a large, shallow dish, usually elliptical in shape, for holding and serving food, especially meat or fish.
a course of a meal, usually consisting of a variety of foods served on the same plate.
Slang. a phonograph record.
Movie Slang. a part of a motion-picture projector, consisting of a large, horizontally rotating disk that houses a feature film.

Origin of platter

1250–1300; Middle English plater < Anglo-French, derivative of plat dish. See plate1, -er2 Unabridged Based on the Random House Unabridged Dictionary, © Random House, Inc. 2019

Related Words for platter

dish, disk, tray, disc, record, trencher, salver, charger

Examples from the Web for platter

Contemporary Examples of platter

Historical Examples of platter

  • "That's the outside o' the cup an' platter," she said knowingly.

    Tiverton Tales

    Alice Brown

  • Tsian Tang brought out a platter of red amber on which lay a carbuncle.

  • She held so fast by the fine polish of the outside of the cup and platter.

    The First Violin

    Jessie Fothergill

  • She could see well enough when she was trying to pick a choice morsel from the platter.


    Emile Zola

  • She picked up a platter and proceeded to wipe it, quite as a matter of course.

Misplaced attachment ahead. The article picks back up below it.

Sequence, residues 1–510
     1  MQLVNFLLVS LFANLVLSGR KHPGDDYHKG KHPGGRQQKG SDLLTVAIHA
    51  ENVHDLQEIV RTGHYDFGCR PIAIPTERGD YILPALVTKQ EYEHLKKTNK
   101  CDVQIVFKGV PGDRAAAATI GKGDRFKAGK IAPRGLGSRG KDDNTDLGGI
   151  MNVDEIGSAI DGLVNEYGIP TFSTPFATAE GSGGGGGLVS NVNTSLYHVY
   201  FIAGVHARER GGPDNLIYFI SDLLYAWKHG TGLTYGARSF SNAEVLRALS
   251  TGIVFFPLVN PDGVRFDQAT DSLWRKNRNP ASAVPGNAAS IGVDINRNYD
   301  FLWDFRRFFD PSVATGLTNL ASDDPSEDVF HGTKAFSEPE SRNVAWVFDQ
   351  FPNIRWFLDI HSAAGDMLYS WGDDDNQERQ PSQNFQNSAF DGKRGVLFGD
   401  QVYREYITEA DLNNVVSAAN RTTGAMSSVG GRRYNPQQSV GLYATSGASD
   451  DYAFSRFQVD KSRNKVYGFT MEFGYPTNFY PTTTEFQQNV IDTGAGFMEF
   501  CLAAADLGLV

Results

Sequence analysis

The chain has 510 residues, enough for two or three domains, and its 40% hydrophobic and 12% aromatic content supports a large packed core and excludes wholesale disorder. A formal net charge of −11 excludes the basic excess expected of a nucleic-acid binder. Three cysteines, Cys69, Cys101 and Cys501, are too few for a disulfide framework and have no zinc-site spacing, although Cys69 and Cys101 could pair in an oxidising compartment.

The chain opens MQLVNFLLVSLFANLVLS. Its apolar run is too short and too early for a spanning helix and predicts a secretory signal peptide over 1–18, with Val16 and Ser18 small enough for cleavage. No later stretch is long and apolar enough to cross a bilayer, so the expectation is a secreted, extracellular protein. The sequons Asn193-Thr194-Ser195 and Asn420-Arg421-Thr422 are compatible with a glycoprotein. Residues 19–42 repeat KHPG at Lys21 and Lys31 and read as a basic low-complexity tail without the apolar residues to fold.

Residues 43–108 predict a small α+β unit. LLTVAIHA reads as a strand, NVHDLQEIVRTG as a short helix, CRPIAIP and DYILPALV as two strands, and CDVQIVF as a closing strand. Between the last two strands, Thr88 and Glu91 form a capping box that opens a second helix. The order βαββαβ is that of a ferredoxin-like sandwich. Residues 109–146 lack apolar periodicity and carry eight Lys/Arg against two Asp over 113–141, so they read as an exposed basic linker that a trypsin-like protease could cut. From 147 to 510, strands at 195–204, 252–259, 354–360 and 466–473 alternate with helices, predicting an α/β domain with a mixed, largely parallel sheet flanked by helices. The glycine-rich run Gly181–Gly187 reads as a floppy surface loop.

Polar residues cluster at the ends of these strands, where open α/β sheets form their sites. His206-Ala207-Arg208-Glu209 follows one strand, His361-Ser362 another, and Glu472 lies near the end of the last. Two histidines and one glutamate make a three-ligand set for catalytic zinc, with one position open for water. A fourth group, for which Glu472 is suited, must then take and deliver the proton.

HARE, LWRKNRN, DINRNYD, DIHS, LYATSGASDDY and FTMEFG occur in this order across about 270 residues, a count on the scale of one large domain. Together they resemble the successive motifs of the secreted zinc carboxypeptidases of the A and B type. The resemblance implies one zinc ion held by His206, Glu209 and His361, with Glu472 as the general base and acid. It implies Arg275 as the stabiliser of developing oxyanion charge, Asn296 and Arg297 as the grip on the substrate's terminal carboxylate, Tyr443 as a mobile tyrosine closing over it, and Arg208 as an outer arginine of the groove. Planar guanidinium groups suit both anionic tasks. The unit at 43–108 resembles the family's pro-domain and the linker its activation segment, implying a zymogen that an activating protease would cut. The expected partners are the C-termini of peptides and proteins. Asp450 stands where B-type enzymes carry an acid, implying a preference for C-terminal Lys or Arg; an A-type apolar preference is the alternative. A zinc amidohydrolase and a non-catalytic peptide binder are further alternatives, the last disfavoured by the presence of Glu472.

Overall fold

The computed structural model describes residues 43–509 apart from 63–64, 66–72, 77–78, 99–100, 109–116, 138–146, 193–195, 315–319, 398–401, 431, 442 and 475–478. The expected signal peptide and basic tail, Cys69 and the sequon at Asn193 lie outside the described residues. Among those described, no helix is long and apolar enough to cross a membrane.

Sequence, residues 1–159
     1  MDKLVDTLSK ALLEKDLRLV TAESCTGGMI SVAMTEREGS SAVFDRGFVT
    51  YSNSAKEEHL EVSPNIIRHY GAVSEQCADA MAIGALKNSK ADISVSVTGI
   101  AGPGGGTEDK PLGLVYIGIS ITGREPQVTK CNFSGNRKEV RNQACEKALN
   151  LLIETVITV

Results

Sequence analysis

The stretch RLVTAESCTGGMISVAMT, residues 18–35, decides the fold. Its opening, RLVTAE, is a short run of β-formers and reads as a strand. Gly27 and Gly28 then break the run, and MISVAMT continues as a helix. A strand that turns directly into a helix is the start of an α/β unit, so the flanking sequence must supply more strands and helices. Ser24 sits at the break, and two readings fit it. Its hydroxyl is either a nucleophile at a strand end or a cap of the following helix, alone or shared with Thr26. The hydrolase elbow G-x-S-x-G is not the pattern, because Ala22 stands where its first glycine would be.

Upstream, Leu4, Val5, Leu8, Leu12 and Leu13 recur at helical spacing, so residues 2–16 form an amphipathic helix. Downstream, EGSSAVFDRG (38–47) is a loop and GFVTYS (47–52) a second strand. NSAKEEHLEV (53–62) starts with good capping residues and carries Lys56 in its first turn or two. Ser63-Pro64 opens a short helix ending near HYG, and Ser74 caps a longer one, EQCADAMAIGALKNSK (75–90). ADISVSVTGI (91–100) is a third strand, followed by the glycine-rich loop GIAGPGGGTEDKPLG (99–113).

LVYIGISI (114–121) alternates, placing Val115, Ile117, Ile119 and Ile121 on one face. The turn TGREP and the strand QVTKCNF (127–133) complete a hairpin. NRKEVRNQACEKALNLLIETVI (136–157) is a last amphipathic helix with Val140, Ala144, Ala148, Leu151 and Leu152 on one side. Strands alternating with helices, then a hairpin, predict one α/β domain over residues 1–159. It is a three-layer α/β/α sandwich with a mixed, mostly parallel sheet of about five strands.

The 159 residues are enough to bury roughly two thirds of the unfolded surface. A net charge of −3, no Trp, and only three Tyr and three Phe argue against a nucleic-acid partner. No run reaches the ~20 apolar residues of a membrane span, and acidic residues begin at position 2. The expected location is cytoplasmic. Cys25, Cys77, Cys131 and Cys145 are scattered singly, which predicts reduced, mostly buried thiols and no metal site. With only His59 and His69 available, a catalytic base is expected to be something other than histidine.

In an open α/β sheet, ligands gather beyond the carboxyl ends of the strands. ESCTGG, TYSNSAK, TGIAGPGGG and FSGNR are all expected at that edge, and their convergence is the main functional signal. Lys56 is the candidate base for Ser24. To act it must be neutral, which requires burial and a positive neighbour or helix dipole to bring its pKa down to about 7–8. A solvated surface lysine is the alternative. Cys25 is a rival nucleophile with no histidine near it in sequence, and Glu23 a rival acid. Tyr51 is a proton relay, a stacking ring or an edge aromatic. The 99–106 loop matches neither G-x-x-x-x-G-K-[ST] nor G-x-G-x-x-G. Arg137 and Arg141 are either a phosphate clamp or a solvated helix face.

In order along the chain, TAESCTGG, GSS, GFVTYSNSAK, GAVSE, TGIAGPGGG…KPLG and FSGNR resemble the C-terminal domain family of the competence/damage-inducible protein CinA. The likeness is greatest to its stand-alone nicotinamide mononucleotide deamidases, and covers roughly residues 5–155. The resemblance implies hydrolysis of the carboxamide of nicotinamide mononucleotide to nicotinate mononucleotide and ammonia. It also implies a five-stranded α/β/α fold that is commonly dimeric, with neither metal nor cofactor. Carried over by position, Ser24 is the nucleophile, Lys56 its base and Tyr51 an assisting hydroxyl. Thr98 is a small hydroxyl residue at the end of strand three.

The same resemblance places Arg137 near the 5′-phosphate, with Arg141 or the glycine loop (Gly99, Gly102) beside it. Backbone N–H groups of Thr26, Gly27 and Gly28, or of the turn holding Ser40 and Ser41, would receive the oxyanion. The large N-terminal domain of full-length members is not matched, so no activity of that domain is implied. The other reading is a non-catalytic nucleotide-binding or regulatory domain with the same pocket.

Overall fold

The Woman-Haters

    Joseph C. Lincoln

British Dictionary definitions for platter



a large shallow usually oval dish or plate, used for serving food
a course of a meal, usually consisting of several different foods served on the same platea seafood platter

Word Origin for platter

C14: from Anglo-Norman plater, from plat dish, from Old French plat flat; see plate
Collins English Dictionary - Complete & Unabridged 2012 Digital Edition © William Collins Sons & Co. Ltd. 1979, 1986 © HarperCollins Publishers 1998, 2000, 2003, 2005, 2006, 2007, 2009, 2012

Word Origin and History for platter

late 13c., platere, from Anglo-French plater, from Old French plate "metal plate" (see plate (n.)).

Online Etymology Dictionary, © 2010 Douglas Harper

Idioms and Phrases with platter


see under hand to on a silver platter.

The American Heritage® Idioms Dictionary Copyright © 2002, 2001, 1995 by Houghton Mifflin Harcourt Publishing Company. Published by Houghton Mifflin Harcourt Publishing Company.